What are we passionate about?
Wild life conservation.  Larry has set up the “Rhino Conservation Awards” 7 years ago together with the South African Minister of Environmental Affairs and the Game Rangers Association of Africa, with Prince Albert of Monaco as Patron.  www.rhinoconservationawards.org 

18 years ago Larry also set up the “Wildlife (Tiger) Conservation Awards” in India and it’s still running.  

We also love travelling, eating and interesting wines.

Favourite spots in the Reserve?
Wherever the lions, cheetahs, rhinos and sables are.

Nicknames?
Nicknames?  Hmmmmm, I’m not telling you…..  

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May 8, 2018

Protea coronata ~ Green Sugarbush

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According to the Red List of South African Plants (assessment of 2006), Protea coronata is considered near threatened as populations are decreasing. We are blessed to have a few healthy stands of Protea coronata on the reserve and they are all coming into flower now.

These beautiful “green” proteas are one of the bearded proteas. The beard being the dense fringe of long hairs on the floral bracts which characteristically curve inwards.

Cape Sugar Birds, sunbirds and many different insects visit Protea coronate in search of its nectar and pollen. The birds mainly feed on the nectar and the insects feed on both the nectar and the pollen.

The Cape Sugar bird is well adapted to accessing the nectar in these dense flower heads. The Sugar bird has strong feet and claws to grip onto the proteas while forcing his head into the flowers. To reach the nectar the sugar bird pushes his head between the massed flowers till he reaches the nectar at the base. While doing this the pollen in the flower is rubbed off onto the bird’s head, it then flies off to another bush and repeats the process and in doing so transfers the pollen to another flower head.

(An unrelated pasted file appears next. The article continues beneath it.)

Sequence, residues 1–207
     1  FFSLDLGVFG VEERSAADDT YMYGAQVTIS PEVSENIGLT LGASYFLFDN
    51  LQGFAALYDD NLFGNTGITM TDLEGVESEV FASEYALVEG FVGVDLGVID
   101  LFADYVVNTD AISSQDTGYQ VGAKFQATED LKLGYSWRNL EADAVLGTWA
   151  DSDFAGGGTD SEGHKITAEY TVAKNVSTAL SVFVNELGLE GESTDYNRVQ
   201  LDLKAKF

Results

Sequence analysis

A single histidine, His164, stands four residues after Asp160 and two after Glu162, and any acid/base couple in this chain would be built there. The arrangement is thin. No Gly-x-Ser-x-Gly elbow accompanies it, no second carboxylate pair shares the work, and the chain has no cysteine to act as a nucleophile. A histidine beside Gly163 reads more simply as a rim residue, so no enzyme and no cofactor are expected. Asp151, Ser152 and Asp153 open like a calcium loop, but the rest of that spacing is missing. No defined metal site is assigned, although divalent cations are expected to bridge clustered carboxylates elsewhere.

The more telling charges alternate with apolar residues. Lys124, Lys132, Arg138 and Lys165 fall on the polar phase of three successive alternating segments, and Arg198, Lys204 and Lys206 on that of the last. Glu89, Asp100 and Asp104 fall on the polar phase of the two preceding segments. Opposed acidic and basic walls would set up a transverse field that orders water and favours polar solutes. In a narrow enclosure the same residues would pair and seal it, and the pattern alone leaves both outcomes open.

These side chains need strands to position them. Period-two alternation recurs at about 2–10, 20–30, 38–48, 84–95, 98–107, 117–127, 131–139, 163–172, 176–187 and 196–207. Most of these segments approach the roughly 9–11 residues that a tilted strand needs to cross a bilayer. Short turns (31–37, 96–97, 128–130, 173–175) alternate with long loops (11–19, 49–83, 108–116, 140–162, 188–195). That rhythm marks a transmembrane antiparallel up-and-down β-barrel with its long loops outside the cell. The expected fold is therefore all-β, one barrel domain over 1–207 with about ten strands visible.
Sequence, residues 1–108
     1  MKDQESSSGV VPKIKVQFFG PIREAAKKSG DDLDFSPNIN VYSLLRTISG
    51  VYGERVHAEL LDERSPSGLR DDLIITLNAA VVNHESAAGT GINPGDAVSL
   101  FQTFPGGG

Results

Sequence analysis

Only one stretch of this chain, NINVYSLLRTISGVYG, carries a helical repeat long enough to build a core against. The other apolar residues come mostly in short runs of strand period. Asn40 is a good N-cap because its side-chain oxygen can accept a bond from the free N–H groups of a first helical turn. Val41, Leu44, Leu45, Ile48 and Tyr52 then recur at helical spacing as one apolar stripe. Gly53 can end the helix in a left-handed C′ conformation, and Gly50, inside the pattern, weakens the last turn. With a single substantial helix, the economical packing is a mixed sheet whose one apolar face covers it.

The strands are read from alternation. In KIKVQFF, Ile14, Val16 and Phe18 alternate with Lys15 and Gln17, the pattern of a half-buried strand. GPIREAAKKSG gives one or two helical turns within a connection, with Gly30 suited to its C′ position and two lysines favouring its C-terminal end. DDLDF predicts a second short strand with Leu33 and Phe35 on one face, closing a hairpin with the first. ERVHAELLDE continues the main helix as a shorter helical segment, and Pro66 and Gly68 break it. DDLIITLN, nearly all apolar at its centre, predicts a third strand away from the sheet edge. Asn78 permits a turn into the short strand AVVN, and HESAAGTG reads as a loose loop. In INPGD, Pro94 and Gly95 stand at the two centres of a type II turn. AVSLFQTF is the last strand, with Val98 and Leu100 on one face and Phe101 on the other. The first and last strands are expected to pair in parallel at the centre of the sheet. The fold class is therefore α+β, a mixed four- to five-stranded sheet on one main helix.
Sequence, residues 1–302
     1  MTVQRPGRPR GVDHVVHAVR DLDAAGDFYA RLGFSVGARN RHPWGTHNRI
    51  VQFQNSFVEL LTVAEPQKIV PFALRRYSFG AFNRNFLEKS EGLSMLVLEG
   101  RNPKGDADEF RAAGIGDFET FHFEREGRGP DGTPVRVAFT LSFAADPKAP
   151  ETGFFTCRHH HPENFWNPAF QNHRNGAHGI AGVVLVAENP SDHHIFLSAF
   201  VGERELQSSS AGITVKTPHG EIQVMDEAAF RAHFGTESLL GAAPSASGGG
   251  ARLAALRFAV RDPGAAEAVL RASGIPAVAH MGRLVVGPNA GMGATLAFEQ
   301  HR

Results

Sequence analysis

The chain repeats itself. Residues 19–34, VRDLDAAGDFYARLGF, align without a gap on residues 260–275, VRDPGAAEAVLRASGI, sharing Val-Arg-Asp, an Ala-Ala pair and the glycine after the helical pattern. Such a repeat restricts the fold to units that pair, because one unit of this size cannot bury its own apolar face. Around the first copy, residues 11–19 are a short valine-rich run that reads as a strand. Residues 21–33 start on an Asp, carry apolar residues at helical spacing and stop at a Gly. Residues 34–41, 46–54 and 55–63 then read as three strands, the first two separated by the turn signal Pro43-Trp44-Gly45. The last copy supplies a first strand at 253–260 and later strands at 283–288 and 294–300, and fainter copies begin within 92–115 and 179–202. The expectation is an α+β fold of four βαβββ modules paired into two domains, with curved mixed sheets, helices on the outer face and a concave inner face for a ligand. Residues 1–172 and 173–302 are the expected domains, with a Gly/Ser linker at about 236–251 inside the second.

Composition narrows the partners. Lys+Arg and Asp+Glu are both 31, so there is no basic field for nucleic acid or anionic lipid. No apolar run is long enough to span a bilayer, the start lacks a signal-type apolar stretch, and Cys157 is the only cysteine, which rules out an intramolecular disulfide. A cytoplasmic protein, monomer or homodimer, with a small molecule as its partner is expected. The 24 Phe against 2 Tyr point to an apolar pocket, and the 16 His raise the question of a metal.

Our delightful little sunbirds are not pollinators, they have found a way to cheat the whole process of pollination and stick their little beaks into the side of the flower heads straight to the base of the flower where the sweet nectar collects. Sugarbirds and Sunbirds obtain all the energy they need from the sugar in the nectar.

If you take a good look inside the protea flower heads or turn them upside down and tap them you will be amazed at how many little insects fall out. The insects vary most of them are there to feed on the pollen or on each other but some damage the flowers and eat the seeds. The insects are also extra food for the Sugarbirds and sunbirds who sometimes eat insects and spiders to supplement their mineral intake.

Protea coronate produces large amounts of seed. It does not survive fire only the seeds survive. Protea coronata has adapted to germinate and grow after fire and can re-establish itself successfully and quickly after the primary bushes have been burnt and die off.

Text & Photographs: Raquel de Castro Maia

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March 12, 2018

Wildlife update with Jono Berry (Conservation and sustainability Manager)

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Photo credits: Zebra – Magdelene, Rainbow – Pierre

Gondwana has enjoyed some lovely rain in January with over 94 mm falling at Lehele and an additional 15mm in February. This is up to three times the figure of neighbouring farmers in the area. The rainfall has provided a fantastic green flush of grass for the grazers.